Yang Lab

Research Interests

Principal Investigator Yi Yang, MD, PhD leads the research of the Yi Yang Lab which is focused on the understanding and translational potential of the cellular and molecular mechanisms of brain injury and the neurovascular remodeling associated with ischemic cerebral stroke and vascular contributions to cognitive impairment and dementia (VCID).

The long-term goal is to facilitate the development of more precisely targeted therapeutic approaches to reduce the progressive brain injury and to improve recovery following neurological disorders.

Defining the role of MMPs

Our earlier work has been seminal in defining the role of the matrix metalloproteinase (MMPs) in the disruption of the tight junction proteins (TJPs) in the blood-brain barrier (BBB) after stroke.

Studies on alternate roles of MMPs in the cell nucleus on DNA repair and neuronal apoptotic death has been pioneering in the field. Previous findings also indicated the critical role of MMPs, particularly MMP-2 and -3, in stroke-induced angiogenesis during brain repair.

Recent Findings

Recently, the Yi Yang Lab has demonstrated that spontaneous angiogenesis vessels in the peri-infarct area have high BBB permeability due to the lack of two major endothelial TJPs. These findings emphasize the current challenges to promote angiogenesis in the ischemic brain as a therapeutic strategy: facilitation of functional BBB restoration and determination of appropriate points of intervention for functional vascular remodeling.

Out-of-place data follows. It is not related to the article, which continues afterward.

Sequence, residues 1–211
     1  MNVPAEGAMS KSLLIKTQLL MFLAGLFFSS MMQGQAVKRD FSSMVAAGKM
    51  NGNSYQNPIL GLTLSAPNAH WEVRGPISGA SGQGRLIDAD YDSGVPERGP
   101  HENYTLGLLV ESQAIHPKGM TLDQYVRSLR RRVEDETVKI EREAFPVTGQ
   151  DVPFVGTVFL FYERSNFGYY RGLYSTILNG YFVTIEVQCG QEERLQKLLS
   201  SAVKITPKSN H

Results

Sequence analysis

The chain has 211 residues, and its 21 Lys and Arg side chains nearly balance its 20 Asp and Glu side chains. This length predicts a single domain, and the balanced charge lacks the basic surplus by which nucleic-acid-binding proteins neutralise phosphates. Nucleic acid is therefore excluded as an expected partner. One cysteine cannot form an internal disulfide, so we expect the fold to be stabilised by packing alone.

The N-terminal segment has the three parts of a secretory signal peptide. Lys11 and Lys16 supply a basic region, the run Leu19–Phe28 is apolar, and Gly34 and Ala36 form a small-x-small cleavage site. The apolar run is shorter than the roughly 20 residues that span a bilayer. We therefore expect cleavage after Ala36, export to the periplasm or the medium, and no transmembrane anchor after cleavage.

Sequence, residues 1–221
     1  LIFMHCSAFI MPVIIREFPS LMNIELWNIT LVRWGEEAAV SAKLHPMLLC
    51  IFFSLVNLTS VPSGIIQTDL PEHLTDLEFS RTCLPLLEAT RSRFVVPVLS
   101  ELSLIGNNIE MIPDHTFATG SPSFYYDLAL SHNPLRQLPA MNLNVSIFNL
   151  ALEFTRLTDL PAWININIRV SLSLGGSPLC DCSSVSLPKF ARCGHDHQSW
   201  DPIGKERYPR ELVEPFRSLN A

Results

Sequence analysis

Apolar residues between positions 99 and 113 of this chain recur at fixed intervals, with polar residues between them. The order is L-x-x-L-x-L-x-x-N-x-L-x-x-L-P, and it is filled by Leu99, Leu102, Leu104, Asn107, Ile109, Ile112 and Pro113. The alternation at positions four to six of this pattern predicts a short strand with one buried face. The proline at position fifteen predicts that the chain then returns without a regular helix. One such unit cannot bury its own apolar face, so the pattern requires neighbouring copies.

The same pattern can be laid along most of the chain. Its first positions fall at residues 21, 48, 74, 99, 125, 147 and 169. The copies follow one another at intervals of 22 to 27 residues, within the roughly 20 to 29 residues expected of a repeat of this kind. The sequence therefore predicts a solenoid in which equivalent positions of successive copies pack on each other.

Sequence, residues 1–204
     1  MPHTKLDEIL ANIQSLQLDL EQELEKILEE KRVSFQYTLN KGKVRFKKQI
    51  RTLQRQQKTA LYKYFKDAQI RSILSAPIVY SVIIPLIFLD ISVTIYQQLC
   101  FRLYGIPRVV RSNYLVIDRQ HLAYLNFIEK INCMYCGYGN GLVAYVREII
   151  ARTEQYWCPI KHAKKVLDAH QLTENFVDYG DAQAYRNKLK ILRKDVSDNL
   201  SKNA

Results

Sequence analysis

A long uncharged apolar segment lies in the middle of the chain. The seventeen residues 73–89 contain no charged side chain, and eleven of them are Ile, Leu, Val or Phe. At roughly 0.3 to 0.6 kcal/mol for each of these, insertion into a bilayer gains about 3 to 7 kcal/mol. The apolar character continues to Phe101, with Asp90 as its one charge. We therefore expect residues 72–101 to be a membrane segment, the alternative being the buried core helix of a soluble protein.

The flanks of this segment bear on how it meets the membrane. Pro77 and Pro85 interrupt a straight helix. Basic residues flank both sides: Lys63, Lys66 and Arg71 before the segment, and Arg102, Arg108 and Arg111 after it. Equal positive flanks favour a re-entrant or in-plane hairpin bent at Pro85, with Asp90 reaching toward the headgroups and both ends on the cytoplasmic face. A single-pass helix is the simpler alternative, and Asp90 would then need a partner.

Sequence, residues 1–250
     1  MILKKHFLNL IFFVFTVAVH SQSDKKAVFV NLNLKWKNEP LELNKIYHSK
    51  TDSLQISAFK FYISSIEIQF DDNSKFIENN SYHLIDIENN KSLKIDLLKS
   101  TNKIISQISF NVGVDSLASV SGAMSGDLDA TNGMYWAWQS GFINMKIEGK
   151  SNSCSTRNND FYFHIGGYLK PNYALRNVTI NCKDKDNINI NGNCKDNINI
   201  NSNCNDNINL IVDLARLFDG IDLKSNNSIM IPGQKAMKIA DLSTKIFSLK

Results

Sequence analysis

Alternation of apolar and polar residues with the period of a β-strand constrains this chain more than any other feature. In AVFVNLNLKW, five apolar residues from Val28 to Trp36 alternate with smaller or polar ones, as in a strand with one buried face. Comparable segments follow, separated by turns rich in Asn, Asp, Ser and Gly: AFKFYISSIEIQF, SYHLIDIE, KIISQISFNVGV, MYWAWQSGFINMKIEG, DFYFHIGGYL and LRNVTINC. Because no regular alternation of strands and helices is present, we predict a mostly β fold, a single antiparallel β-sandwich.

Further studies based on animal model and cell cultures have demonstrated that cross-talk between cells in neurovascular units, such as pericytes, astrocytes, and microglia, plays a critical role in BBB restoration in newly formed vessels in the peri-infarct area during stroke recovery.

Fully Funded Projects

The primary focus of Dr. Yang’s NIH- and AHA-funded projects is to characterize the cellular and molecular mechanisms through which functional BBB is formed in response to spontaneous and therapy-induced vascular remodeling in ischemic brain, as well as to monitor dynamics of functional neurovascular remodeling during recovery from stroke utilizing interdisciplinary methods.

Additional interests are to elucidate the role of NG2-pericyte pathway in regulating TJPs formation of BBB during stroke-induced vascular remodeling. We are also working on delineating the vascular mechanisms that trigger the progressive VCID pathological cascades in animal models and the molecular and cellular targets that can support the BBB functions to ameliorate the progressive cerebral lesions in VCID.

Some of the experimental models and approaches we routinely use include rodent models of cerebral ischemia and VCID, neuronal and 3D BBB cultures, mouse genetic models, MRI, specific antibody-conjugated nanoparticles, biochemical and molecular studies, histological and behavioral evaluations.